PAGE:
11-year-old runner wins nationals
Feb 04, 2019 10:58AM
By Catherine Garrett
Draper’s McKay Wells won the 11–12-year-old national championship at the USATF Cross Country National Championships in Reno, Nev. Dec. 8. (Photo courtesy Jason Wells)
By Catherine Garrett | [email protected]
Draper’s McKay Wells, 11, finished first at the USATF Cross Country National Championships in Reno, Nev. Dec. 8, crossing the finish line ahead of 358 other runners in the 11-12 age division.
It was McKay Wells’ fifth appearance at nationals, having placed in the top four each year since he was 7. He has earned six All-American honors — and, therefore, hats that come with the recognition — among more than 50 medals in cross country and track events over the past few years.
“You never know who’s going to show up at nationals so you have to be on your toes all the time,” McKay’s father Jason said. “We know a lot of the other competitors and we felt like we would have been happy with a top five finish. But, it was snowy and muddy so that was to McKay’s advantage over some top runners from California. He had a dominant lead, passing these guys within the first kilometer of the 3K race.”
McKay, son of Jason and Stacy Wells of Draper, has been running since he was 5 years old. His dad said he knew McKay could run fast so he entered the two of them in the Santa Clara (UT) Swiss Days 5K “to see if he could run that far.” “I’m thinking, ‘Hey, come run this with me,’ and then I’m trying to make sure he doesn’t get trampled, but then he just goes and takes off and left me in the dust,” Jason Wells said. McKay ended up finishing first in his age group and 28th overall while running a 21:41, which turned out to be under seven minutes a mile, beating his dad’s personal record. “I couldn’t believe it,” he said. “I was just thinking, ‘Holy smokes, McKay, you are amazing!’ I guess all that marathon and Ironman training I had done was no match for his raw talent.”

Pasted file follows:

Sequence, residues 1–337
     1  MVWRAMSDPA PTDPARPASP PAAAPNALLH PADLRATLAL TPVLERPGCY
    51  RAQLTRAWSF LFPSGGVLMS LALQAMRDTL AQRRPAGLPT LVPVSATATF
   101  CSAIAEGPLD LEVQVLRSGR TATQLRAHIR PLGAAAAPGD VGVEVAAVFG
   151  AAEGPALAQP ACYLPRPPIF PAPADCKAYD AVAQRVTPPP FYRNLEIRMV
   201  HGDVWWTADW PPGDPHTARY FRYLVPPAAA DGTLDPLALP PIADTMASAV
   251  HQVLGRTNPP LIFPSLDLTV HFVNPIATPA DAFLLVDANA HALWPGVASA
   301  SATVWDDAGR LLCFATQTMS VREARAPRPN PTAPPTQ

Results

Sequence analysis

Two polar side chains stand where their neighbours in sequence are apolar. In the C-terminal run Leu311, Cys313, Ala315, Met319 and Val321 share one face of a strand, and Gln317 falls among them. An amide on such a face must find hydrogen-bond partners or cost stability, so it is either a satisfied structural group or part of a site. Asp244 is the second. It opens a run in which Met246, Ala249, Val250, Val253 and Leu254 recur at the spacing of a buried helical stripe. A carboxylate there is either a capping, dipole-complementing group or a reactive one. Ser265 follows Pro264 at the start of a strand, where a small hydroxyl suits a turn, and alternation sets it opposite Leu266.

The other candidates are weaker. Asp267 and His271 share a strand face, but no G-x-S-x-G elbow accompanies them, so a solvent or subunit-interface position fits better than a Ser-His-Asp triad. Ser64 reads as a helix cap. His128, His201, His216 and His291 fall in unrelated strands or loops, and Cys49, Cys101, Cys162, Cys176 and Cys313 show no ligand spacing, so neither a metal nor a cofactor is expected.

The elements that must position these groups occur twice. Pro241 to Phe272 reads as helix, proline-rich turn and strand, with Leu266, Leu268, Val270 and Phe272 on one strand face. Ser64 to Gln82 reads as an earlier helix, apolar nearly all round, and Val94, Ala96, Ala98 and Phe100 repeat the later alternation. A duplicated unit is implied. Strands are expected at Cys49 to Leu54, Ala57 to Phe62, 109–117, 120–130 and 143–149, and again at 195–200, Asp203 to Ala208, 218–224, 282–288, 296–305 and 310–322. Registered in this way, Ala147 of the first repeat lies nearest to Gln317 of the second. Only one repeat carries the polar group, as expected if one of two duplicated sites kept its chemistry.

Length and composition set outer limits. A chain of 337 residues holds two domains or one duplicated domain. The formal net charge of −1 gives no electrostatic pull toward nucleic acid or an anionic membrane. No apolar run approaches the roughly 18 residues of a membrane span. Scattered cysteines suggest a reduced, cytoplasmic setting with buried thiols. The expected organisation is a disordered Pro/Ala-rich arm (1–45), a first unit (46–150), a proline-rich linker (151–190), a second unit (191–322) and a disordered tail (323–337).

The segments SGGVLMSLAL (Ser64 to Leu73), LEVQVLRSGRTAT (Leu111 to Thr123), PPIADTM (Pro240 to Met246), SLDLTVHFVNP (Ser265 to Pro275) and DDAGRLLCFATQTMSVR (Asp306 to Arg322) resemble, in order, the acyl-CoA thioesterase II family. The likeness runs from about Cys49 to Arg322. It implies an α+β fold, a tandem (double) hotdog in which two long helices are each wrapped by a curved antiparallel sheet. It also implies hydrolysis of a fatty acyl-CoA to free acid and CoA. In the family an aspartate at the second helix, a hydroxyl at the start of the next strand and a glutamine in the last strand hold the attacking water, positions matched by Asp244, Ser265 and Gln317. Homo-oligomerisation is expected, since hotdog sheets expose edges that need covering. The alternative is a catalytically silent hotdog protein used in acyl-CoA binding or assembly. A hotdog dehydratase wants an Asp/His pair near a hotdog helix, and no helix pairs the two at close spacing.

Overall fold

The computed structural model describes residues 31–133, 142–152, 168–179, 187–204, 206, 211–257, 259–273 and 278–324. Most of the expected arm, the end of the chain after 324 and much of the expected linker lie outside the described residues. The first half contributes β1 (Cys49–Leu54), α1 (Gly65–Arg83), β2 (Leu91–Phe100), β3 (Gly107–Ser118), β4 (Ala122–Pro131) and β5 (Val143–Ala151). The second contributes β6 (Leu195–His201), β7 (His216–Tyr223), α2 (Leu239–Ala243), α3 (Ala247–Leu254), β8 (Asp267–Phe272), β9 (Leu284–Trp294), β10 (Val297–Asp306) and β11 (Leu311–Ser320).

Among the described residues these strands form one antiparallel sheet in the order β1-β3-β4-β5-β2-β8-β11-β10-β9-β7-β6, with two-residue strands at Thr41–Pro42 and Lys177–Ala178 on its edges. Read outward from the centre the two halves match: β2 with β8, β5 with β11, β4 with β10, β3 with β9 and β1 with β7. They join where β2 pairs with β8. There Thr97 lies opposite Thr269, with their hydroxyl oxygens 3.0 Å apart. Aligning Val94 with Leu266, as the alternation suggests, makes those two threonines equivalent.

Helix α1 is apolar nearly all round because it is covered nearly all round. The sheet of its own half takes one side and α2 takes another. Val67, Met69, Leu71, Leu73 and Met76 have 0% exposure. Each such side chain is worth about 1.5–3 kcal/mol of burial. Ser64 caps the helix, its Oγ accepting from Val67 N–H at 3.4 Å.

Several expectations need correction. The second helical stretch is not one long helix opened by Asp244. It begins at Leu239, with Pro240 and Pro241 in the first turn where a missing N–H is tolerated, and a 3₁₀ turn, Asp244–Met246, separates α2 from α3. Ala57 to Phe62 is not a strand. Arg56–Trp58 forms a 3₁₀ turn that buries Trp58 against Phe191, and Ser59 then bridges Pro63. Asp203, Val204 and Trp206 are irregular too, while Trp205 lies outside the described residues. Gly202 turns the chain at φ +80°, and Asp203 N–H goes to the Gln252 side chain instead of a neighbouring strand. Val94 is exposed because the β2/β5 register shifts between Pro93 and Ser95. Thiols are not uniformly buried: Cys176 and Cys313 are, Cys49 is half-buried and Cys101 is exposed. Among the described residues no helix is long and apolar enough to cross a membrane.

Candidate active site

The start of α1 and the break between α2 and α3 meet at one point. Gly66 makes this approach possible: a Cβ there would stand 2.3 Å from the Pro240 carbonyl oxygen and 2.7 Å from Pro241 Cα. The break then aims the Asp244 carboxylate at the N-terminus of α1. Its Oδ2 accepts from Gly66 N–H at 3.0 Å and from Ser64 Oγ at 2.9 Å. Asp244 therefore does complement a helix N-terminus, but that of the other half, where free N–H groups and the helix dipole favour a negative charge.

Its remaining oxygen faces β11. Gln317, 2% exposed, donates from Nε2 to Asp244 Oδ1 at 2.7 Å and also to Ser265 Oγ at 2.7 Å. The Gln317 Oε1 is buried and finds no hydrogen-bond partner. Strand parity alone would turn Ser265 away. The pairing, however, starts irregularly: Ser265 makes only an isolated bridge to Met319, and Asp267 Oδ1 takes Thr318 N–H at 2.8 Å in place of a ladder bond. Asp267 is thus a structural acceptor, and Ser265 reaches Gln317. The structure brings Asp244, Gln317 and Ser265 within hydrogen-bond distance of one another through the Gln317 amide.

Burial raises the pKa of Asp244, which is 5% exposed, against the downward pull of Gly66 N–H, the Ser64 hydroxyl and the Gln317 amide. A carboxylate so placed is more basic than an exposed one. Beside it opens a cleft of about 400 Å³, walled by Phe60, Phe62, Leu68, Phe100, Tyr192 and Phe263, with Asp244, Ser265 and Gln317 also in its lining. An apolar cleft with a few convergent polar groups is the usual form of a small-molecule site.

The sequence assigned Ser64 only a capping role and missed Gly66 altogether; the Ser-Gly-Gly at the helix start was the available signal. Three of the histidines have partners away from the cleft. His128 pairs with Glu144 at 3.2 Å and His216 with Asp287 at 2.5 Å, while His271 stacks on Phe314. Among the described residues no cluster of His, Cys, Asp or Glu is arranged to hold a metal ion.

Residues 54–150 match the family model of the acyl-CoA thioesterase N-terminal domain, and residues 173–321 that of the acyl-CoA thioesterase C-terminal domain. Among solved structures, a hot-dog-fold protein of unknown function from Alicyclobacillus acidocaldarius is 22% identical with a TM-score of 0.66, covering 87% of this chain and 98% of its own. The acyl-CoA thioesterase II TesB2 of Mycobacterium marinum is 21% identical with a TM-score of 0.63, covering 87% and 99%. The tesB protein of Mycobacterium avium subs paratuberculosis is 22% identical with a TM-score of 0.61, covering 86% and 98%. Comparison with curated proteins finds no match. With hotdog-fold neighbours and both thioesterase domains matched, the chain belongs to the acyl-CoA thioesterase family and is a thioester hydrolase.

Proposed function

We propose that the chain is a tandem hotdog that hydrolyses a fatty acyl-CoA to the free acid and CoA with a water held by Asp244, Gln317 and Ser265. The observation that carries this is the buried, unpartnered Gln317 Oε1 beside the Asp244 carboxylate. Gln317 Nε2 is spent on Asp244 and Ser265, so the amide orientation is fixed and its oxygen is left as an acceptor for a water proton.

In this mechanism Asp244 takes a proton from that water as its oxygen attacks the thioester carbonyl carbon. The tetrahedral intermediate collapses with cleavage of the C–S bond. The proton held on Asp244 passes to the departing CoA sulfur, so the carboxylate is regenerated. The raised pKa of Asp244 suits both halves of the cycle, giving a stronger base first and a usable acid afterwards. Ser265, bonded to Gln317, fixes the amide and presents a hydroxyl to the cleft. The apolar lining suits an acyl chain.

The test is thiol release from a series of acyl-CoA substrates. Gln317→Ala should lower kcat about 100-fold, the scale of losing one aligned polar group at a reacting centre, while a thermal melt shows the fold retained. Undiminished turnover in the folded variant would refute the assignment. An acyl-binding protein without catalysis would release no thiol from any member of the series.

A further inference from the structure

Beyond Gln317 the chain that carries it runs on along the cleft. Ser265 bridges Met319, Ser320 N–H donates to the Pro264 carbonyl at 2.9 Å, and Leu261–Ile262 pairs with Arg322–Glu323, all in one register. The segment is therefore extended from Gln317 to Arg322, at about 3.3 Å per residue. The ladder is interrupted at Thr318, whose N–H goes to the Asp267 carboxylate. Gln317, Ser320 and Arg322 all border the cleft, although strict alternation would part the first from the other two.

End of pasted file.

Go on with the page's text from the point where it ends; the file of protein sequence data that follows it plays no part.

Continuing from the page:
McKay’s mother Stacy said she received a call from his school shortly after the 5K race asking about their “fast African-American kid” and put them in touch with the coach of a local youth cross-country team who invited McKay to the state USATF Cross Country championships the very next week. McKay ended up winning the 8-and-under state championship — as a 6-year-old — but wasn’t old enough to compete at nationals that year.
Later that spring, McKay began running with Quickfeet Track Club, under the coaching of Snow Canyon High School coach Justin Redfearn. “We tried the 100, 200, 400, 800 and 1500 meters and the longer the distance the higher he placed,” Stacy said. “He was a natural distance runner.”
At the age of 7, he placed third at the USATF Junior Olympics in the 1500 meters, and the next year he won the Hersheys National Championships in the same event.
When McKay’s family moved from the St. George area to Draper three years ago, there were no youth running programs until former BYU runner — and Draper resident — Nan Kennard started Race Cats. The program is expanding with dozens of teams and hundreds of runners throughout the state. This past year, 68 Race Cats runners qualified for nationals. “She has done an amazing job building a program that has grown throughout the Wasatch Front,” Stacy Wells said. “Nan makes running fun for these kids and the program she is building is super impressive,” Jason Wells said. “She’s done an amazing job building and growing a youth running pipeline for Utah.”
McKay also plays basketball and soccer year-round, with his parents continuing to encourage him to participate in cross country and track. Jason Wells called his son “a gamer” who is naturally fast. “McKay likes to have fun, so you’ll often find him running back a bit to talk with his friends while he’s running,” Stacy Wells said. “However, when he gets into a race, he goes all out. During a 1500-meter race he wasn’t feeling well and actually vomited on his third lap. Regardless, he finished with a PR.”
McKay said, “I don’t really like to run that much, I just like to win.”
He plans on defending his national championship in the winter and continuing to run as his schedule allows. “We just kind of go at his pace and let him go and do,” Jason Wells said. So, for now, the “fun-loving, lean kid” will keep on running.